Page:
Whats the alternative? Write it with prod in mind, when you don’t know if the idea is actually viable, and end up erasing a lot more time/code if it fails?

The idea for exploratory programs is just to see if the core idea is actually viable in the first place, before spending time on things like making it robust/fast.

Ofc, if you could make it robust/fast for free/cheap, then it makes sense to call it an anti-pattern — you made it fragile for no good reason — but I’m not clear on how to obtain robustness/speed without quite a bit of work


My preferable alternative would not be to use a totally different toolchain for prototyping and production, and making the people responsible for the prototype also responsible for bringing it to production.

I've heard all kinds of arguments against it, but they mostly boil down to "data scientists/analysts/whatever" can't be arsed to bring it to production (or "do not have the right skill set") and vice-versa for software developers.

I've seen much more success with a developer and less-technical person working closely in a team and bringing a project from prototype to production together.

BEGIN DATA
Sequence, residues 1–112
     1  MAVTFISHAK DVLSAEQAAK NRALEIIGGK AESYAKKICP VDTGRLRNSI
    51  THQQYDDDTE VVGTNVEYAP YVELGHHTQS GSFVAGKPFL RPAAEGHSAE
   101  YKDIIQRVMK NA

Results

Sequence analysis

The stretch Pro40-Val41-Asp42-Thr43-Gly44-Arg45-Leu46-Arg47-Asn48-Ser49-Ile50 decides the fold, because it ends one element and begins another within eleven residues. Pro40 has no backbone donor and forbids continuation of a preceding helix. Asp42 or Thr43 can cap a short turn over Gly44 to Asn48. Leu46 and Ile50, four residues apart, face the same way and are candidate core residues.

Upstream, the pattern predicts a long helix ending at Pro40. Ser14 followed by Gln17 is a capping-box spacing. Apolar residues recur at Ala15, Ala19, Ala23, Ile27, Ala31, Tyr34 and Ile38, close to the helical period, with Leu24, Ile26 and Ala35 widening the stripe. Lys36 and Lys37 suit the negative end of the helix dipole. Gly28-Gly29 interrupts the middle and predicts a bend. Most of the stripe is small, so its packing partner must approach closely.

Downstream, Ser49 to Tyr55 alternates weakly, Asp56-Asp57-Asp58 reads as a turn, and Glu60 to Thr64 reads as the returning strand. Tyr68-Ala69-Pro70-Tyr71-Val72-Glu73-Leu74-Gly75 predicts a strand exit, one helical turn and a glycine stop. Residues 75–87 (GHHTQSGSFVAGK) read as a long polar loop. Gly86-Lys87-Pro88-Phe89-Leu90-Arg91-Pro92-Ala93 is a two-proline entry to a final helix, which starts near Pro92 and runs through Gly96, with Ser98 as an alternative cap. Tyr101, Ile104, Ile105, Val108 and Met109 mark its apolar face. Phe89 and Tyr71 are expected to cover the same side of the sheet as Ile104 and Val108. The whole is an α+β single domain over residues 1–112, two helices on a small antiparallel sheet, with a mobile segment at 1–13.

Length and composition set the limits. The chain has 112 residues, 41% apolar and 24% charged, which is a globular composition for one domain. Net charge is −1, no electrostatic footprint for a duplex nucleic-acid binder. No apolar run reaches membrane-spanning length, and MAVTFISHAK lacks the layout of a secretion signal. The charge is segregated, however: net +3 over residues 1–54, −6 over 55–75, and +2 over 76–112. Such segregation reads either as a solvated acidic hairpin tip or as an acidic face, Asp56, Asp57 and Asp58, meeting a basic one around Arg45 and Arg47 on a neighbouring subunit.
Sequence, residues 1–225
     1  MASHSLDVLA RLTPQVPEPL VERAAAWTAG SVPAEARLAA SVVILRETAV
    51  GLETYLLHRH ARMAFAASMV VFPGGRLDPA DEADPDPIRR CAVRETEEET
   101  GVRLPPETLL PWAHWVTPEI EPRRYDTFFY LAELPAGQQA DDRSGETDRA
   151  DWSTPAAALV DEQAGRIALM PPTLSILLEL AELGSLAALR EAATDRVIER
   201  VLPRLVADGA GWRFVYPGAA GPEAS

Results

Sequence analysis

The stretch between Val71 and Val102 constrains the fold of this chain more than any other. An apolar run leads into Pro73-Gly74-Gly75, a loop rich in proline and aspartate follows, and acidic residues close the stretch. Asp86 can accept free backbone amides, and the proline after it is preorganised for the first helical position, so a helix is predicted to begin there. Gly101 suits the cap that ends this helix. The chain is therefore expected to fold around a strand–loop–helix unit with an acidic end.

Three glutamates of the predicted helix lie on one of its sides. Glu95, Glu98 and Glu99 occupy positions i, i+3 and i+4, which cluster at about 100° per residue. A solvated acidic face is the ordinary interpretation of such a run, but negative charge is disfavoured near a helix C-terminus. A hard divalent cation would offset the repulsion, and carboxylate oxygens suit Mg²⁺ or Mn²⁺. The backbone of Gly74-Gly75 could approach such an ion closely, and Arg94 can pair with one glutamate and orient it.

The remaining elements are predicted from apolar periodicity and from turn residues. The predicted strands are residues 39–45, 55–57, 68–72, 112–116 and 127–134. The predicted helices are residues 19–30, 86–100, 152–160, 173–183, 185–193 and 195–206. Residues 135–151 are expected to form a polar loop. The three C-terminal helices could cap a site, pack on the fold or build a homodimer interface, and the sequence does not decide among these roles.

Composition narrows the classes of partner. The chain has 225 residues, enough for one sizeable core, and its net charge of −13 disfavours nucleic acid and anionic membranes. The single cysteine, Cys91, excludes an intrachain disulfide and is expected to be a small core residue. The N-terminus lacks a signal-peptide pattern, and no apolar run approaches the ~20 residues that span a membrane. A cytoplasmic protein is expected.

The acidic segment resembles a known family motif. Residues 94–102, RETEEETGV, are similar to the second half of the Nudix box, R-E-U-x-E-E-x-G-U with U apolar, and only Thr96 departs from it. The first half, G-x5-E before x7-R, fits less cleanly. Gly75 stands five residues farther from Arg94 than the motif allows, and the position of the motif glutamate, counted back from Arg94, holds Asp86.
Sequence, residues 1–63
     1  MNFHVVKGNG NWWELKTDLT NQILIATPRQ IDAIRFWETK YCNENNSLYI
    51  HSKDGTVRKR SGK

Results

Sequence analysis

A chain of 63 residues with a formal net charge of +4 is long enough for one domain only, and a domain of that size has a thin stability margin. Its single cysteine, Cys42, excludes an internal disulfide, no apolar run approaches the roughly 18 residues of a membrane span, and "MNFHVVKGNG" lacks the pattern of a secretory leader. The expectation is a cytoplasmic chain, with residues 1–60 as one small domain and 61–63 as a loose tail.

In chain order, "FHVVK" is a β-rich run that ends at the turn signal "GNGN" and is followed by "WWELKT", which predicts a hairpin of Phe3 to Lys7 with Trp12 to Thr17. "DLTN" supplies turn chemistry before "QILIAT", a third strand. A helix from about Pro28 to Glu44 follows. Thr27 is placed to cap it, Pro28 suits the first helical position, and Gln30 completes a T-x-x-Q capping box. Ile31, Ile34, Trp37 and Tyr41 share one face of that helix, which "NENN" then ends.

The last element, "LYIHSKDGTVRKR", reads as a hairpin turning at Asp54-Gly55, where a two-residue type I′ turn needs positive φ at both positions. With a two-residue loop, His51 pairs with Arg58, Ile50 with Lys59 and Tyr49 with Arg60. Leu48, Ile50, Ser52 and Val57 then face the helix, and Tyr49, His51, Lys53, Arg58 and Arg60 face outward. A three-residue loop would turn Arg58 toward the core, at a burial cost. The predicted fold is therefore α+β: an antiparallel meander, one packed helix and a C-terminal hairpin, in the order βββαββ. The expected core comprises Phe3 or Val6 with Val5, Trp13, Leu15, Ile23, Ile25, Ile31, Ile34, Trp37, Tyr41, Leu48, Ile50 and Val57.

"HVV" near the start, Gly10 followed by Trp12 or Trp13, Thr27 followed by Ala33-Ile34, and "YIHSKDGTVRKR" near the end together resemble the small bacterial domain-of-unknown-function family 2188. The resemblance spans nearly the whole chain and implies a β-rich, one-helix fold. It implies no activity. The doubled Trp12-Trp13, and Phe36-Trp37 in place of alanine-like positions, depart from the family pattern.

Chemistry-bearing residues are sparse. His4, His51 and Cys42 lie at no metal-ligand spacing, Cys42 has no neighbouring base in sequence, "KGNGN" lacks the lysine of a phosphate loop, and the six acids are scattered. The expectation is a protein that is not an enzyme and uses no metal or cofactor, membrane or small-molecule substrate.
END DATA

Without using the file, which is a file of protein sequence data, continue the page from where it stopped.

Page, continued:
A lot of the time, you’d just be wasting the developers time. In finance the research quants are going to have to test and explore dozens of ideas before even one is suitable enough to actually deploy in production. It doesn’t make sense for the quant and developer to work closely together in C++ or whatever when there’s a high likelihood that the trading idea doesn’t work in the first place.

Also, the quant often isn’t good enough at computer science to actually develop a production system himself. And even if he was good enough, it isn’t his comparative advantage so he probably should be focusing on research.


It's certainly _very_ different to MATLAB and Python.

After all a lot of the performance sensitive libraries written in C/C++/etc... in Matlab/Python are written in Julia itself.

It really depends what you mean by production.


Why is it not suitable for production environments, its a compiled language?


It depends on the application. Sometimes you need the finer level of control over resources provided by a statically-complied language like C++. An example would be latency-sensitive applications that cannot tolerate the unpredictable delays inherent in garbage collection and just-in-time compilation. Other issues might include current availability or stability of the packages.


By this logic, Java would be unsuitable for production, too. I think perhaps you're conflating "production" and "real-time".